Yep. Money is more important than the old, the young, the disabled and the vulnerable.
    It's not about comparing the relative importance of working and volunteering and canteening.

    It's about the fact working parents would be financially worse off if PPL was removed.

    SAHPs won't be with the reduction of the BB.

  5. #154
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    Quote Originally Posted by NancyBlackett View Post
    It's not about comparing the relative importance of working and volunteering and canteening.

    It's about the fact working parents would be financially worse off if PPL was removed.

    SAHPs won't be with the reduction of the BB.
    I'm not arguing that NB. Just the fact that unless you work FT you are unimportant.

    I know kw123 didn't mean it that way but it still hurts.

  6. #155
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    Quote Originally Posted by kw123 View Post
    Being a SAHP doesn't help the economy in terms of dollars as much as being in employment does. Just a fact not an insult. And dollars are more important to the Govt than car pooling and canteen duty (I'm not being sarcastic here, just referring to an earlier post). People who don't work also claim more benefits so its lose/lose for the Govt.
    People who work claim benefits, probably more than those who don't. CCB and CCR are both expensive. Generally speaking, I know not every one gets them, just as not every single income home gets FTB.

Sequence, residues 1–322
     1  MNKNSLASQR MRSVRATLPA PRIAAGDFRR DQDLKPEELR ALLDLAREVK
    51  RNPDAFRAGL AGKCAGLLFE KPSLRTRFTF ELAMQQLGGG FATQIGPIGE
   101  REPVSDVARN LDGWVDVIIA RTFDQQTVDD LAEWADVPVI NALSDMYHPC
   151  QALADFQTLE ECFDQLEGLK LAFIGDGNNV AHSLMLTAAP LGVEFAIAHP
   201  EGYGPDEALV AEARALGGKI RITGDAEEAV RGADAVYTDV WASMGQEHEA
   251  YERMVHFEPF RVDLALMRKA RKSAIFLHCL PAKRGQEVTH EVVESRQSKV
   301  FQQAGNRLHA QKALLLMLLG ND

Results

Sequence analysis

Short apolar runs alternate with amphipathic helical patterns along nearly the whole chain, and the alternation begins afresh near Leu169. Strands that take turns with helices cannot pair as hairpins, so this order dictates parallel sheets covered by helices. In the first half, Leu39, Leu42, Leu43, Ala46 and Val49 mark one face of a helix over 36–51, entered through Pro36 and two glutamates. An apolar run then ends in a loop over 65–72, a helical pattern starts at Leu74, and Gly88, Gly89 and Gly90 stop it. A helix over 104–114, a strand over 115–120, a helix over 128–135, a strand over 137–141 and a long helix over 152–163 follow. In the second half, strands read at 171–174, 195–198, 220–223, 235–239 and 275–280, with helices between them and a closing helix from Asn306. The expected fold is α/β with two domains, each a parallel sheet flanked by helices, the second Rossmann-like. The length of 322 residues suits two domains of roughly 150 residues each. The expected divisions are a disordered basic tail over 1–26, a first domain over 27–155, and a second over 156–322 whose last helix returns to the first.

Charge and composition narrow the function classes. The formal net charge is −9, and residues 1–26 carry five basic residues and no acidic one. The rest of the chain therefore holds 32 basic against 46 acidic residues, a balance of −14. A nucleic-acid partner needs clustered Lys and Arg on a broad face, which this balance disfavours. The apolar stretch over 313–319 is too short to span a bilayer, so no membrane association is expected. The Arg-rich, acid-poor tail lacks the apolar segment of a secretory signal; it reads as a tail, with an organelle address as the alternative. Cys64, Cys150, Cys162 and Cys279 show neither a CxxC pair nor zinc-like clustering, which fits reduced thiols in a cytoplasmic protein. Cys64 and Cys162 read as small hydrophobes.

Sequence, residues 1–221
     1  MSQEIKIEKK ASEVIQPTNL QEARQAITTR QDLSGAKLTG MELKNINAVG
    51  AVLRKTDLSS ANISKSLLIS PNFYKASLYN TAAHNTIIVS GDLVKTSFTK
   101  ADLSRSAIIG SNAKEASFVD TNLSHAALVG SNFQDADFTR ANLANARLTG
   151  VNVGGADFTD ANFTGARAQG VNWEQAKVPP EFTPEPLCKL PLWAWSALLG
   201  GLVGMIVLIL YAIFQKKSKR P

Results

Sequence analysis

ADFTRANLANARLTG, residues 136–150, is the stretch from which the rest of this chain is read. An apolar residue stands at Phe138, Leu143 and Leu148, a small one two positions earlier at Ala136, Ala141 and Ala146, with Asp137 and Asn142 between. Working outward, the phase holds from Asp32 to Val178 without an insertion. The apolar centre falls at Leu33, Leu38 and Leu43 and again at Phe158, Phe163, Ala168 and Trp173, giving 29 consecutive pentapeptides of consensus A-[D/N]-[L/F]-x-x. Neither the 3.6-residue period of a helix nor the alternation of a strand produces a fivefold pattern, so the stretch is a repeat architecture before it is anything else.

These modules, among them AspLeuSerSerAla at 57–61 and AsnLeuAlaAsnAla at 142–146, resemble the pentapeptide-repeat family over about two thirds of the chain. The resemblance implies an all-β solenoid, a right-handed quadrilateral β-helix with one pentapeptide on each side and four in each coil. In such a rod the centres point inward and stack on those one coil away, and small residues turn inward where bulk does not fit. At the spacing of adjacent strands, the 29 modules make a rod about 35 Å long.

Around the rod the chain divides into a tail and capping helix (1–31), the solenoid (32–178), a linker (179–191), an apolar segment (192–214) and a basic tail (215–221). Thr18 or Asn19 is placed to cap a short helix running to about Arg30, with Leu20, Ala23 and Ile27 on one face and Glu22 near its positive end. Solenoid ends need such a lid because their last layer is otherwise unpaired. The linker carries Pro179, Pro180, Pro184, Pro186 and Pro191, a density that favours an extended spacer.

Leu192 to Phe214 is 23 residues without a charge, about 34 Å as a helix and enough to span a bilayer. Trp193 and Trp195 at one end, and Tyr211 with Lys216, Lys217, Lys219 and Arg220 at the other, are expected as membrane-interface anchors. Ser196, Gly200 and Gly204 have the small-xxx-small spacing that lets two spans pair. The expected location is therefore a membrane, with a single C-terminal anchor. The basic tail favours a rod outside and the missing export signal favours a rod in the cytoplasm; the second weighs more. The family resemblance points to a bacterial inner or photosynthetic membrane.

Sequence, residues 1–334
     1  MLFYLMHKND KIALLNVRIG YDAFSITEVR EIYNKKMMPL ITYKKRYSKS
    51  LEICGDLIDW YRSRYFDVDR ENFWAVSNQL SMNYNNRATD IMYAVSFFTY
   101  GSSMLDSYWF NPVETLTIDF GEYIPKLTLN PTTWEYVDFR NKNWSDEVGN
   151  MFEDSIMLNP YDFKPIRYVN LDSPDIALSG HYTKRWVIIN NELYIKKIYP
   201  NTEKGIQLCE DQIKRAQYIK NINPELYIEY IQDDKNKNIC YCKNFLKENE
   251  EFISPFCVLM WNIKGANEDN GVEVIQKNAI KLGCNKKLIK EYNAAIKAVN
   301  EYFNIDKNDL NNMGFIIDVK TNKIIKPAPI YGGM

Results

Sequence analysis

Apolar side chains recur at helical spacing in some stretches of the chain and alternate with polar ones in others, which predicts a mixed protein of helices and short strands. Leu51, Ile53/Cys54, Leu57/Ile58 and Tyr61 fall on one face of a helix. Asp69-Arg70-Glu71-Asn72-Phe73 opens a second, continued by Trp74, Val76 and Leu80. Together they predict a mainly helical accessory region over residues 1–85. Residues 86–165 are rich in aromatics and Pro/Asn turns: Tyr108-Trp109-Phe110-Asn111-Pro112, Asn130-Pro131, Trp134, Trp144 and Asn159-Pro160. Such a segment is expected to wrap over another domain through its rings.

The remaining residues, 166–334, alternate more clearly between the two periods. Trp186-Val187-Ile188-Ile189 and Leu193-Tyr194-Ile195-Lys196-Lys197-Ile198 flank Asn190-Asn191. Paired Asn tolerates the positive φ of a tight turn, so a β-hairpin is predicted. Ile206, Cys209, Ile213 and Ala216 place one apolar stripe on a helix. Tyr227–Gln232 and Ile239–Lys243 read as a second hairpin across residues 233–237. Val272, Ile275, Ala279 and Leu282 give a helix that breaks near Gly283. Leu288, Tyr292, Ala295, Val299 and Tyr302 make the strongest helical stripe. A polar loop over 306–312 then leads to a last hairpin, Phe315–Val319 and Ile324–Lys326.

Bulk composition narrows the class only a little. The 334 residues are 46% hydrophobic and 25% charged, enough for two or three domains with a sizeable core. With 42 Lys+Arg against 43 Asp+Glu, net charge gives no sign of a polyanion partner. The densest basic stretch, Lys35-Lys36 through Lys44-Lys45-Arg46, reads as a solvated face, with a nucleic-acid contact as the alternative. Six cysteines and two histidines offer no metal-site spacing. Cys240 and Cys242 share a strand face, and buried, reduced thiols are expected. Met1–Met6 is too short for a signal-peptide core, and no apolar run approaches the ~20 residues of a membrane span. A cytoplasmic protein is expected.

I had a thread the other day that showed people's CC was as much, or more than their income pre-benefits.

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  8. #156
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    Quote Originally Posted by Rose&Aurelia View Post
    This really upsets me.

    Its SAHP that volunteer at hospitals, nursing homes, charities. They donate time and resources to the less fortunate.

    I spend my Fridays cooking for the elderly who live alone as part of my church volunteering. These people only get one good home cooked meal a week cos their own children (now adults) DON'T care for their parents. These adults prefer to have strangers use their own money and time to look after their parents.

    Yep. Money is more important than the old, the young, the disabled and the vulnerable.
    Oh R&A I didn't mean to upset you, sorry.